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Cabal install fails due to recent HUnit

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Re: Cabal install fails due to recent HUnit

Ross Paterson
On Mon, Aug 27, 2012 at 07:39:39PM +0100, Erik Hesselink wrote:
> If we do agree that we want to prevent this problem for a while (which
> I'm not sure about), we should probably do it by preventing uploads
> for packages like this. That way, package maintainers will know what
> is going on, just like with the other 'package quality' issues hackage
> enforces.

The place to check is Distribution.PackageDescription.Check.checkPackage
(in Cabal).  If this returns anything other than PackageDistSuspicious,
hackage will reject the upload.

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Re: Cabal install fails due to recent HUnit

Ross Paterson
In reply to this post by Brent Yorgey-2
On Mon, Aug 27, 2012 at 09:03:18PM +0100, Brent Yorgey wrote:

> On Mon, Aug 27, 2012 at 10:52:59AM -0700, Bryan O'Sullivan wrote:
> > On Mon, Aug 27, 2012 at 9:57 AM, Erik Hesselink <[hidden email]> wrote:
> >
> > > I'm seeing this again, on abstract-deque-0.1.6. Ross, can you fix it again?
> > >
> >
> > Hang on a second.
> >
> > The reason you're seeing build breakage is that the .cabal files of the
> > broken packages were edited in-place without communicating with any of the
> > package authors.
> >
> > I understand that the collective intentions around this were good, but by
> > "fixing" things without telling anyone, package maintainers have no way to
> > know that anything has happened. Now we are seeing the problem begin to
> > recur as people issue new releases that don't incorporate those changes.
>
> For the record, abstract-deque was neither one of the packages fixed
> previously, nor does its .cabal file even contain a test section at
> all, much less one with a conditional.

It did a couple of hours ago.

> But I
> agree with Bryan in principle that we need a more principled approach.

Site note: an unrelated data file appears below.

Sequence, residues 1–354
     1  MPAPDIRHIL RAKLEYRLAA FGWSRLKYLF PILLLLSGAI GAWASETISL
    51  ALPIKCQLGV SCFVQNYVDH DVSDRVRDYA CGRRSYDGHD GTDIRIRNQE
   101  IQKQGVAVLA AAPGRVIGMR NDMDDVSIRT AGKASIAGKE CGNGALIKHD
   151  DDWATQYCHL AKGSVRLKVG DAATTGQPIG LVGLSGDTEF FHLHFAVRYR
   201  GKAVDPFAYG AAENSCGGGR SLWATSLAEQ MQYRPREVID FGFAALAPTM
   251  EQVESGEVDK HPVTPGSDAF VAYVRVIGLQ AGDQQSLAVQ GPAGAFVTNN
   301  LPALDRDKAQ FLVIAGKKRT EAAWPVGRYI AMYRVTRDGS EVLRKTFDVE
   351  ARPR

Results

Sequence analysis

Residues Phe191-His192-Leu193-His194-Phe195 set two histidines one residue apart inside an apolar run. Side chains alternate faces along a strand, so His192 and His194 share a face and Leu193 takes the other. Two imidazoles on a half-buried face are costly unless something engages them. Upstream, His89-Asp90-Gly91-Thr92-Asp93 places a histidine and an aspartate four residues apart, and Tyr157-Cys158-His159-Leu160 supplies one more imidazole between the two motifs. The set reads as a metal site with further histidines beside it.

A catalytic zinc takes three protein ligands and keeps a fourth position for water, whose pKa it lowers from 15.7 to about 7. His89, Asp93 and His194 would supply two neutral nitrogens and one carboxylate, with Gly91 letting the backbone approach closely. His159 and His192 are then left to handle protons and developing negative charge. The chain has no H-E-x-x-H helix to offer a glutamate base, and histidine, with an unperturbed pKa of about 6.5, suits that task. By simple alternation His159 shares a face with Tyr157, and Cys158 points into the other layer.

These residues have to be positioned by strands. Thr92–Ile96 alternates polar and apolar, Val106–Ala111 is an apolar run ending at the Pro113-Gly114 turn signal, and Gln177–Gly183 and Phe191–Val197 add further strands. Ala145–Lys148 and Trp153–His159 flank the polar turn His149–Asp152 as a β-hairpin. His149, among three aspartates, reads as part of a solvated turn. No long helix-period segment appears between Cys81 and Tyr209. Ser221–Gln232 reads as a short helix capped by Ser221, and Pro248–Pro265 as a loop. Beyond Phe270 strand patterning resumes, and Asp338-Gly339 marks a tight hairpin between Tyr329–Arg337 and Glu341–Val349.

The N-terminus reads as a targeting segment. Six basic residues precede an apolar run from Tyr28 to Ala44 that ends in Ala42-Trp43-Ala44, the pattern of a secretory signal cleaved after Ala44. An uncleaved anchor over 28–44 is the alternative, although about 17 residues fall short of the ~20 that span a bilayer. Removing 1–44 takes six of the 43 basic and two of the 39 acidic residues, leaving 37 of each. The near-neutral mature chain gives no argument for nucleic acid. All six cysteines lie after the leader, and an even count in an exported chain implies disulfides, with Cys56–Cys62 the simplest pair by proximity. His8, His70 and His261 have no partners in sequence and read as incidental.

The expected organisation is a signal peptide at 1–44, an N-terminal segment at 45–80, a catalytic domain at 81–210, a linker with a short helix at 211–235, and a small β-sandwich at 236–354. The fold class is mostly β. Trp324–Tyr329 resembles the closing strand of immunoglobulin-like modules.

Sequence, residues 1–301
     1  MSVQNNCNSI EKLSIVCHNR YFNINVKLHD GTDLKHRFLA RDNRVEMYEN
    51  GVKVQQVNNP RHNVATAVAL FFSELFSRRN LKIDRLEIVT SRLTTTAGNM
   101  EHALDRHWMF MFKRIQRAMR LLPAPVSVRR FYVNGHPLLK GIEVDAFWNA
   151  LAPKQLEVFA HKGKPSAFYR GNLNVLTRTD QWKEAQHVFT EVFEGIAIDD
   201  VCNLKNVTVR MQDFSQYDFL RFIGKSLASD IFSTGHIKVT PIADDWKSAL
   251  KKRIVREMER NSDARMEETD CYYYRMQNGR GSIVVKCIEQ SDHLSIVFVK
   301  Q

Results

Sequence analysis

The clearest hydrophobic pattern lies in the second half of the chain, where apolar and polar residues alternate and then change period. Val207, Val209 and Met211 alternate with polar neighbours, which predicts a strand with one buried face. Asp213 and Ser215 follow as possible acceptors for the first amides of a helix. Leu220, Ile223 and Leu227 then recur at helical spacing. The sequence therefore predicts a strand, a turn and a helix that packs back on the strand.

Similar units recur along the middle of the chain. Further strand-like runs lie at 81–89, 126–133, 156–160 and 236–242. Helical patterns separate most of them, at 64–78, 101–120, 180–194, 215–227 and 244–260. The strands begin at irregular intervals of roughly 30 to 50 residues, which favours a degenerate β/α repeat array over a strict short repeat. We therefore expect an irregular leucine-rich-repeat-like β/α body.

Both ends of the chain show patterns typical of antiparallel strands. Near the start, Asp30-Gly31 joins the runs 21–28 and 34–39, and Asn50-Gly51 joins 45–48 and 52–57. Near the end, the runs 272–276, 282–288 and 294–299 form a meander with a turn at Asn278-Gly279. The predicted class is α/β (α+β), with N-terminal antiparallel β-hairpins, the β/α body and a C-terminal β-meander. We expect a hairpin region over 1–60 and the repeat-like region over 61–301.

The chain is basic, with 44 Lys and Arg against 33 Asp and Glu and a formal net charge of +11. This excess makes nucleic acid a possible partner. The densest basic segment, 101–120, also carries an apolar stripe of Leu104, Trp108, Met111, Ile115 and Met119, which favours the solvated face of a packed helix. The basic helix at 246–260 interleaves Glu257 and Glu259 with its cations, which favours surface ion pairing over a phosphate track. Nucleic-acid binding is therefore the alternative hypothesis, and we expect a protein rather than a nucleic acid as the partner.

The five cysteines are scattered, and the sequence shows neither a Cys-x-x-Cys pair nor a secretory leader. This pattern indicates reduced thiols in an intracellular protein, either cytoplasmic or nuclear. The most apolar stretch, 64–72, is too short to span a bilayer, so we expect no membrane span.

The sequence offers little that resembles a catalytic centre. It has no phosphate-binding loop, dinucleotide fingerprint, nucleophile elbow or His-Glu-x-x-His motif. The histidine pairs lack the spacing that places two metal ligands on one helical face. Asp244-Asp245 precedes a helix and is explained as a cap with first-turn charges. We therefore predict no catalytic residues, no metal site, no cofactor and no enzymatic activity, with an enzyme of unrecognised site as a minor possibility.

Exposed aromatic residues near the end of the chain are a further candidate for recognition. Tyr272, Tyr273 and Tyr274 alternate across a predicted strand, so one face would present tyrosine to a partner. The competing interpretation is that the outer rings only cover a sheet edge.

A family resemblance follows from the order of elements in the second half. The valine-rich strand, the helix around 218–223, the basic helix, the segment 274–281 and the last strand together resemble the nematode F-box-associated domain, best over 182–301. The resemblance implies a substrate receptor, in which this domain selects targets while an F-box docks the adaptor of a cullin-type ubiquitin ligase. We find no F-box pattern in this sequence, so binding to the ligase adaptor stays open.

Yes, and Cabal is the place to test for this.

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Re: Cabal install fails due to recent HUnit

Bryan O'Sullivan
In reply to this post by Erik Hesselink
On Mon, Aug 27, 2012 at 11:39 AM, Erik Hesselink <[hidden email]> wrote:

Yes, you are right. So the question is how long to support systems
with the old cabal 0.10. This is the one included with the previous
haskell platform (and thus lots of linux distro's), which is less than
a year old. But it's also pretty old, since there weren't any cabal
releases for a while.

That's a very awkward situation. At least in the future, Johan and I have a proposal to make this class of problem more avoidable by introducing a regular release schedule. See the thread that starts here for details: http://www.haskell.org/pipermail/cabal-devel/2012-August/008987.html

For the state of things today, it's not obvious to me what to do.

It's burdensome to ask package authors to remove stuff from their packages because it can't be handled by a broken version of cabal, especially since there's no upper bound on how long that broken version will be floating around. We'd essentially be giving up on this feature semi-permanently, which would make me sad because it's so useful.

Just as unappealing is the idea of breaking builds for people who, through no fault of their own, are using the broken cabal. However, at least this class of people has the incentives aligned to do something about their problem: either upgrade cabal-install or their distro.

The other question is how useful test suites in a released package
are. Aren't they much more useful (and used more often) in source
repositories?

They're certainly useful in source repositories, and we have historically chosen not to make a distinction between what's in a source repo and what gets shipped to end users via cabal, which makes sense to me.

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Re: Cabal install fails due to recent HUnit

Brandon Allbery
On Mon, Aug 27, 2012 at 4:23 PM, Bryan O'Sullivan <[hidden email]> wrote:
On Mon, Aug 27, 2012 at 11:39 AM, Erik Hesselink <[hidden email]> wrote:

Yes, you are right. So the question is how long to support systems
with the old cabal 0.10. This is the one included with the previous
haskell platform (and thus lots of linux distro's), which is less than
a year old. But it's also pretty old, since there weren't any cabal
releases for a while.

That's a very awkward situation. At least in the future, Johan and I have a proposal to make this class of problem more avoidable by introducing a regular release schedule. See the thread that starts here for details: http://www.haskell.org/pipermail/cabal-devel/2012-August/008987.html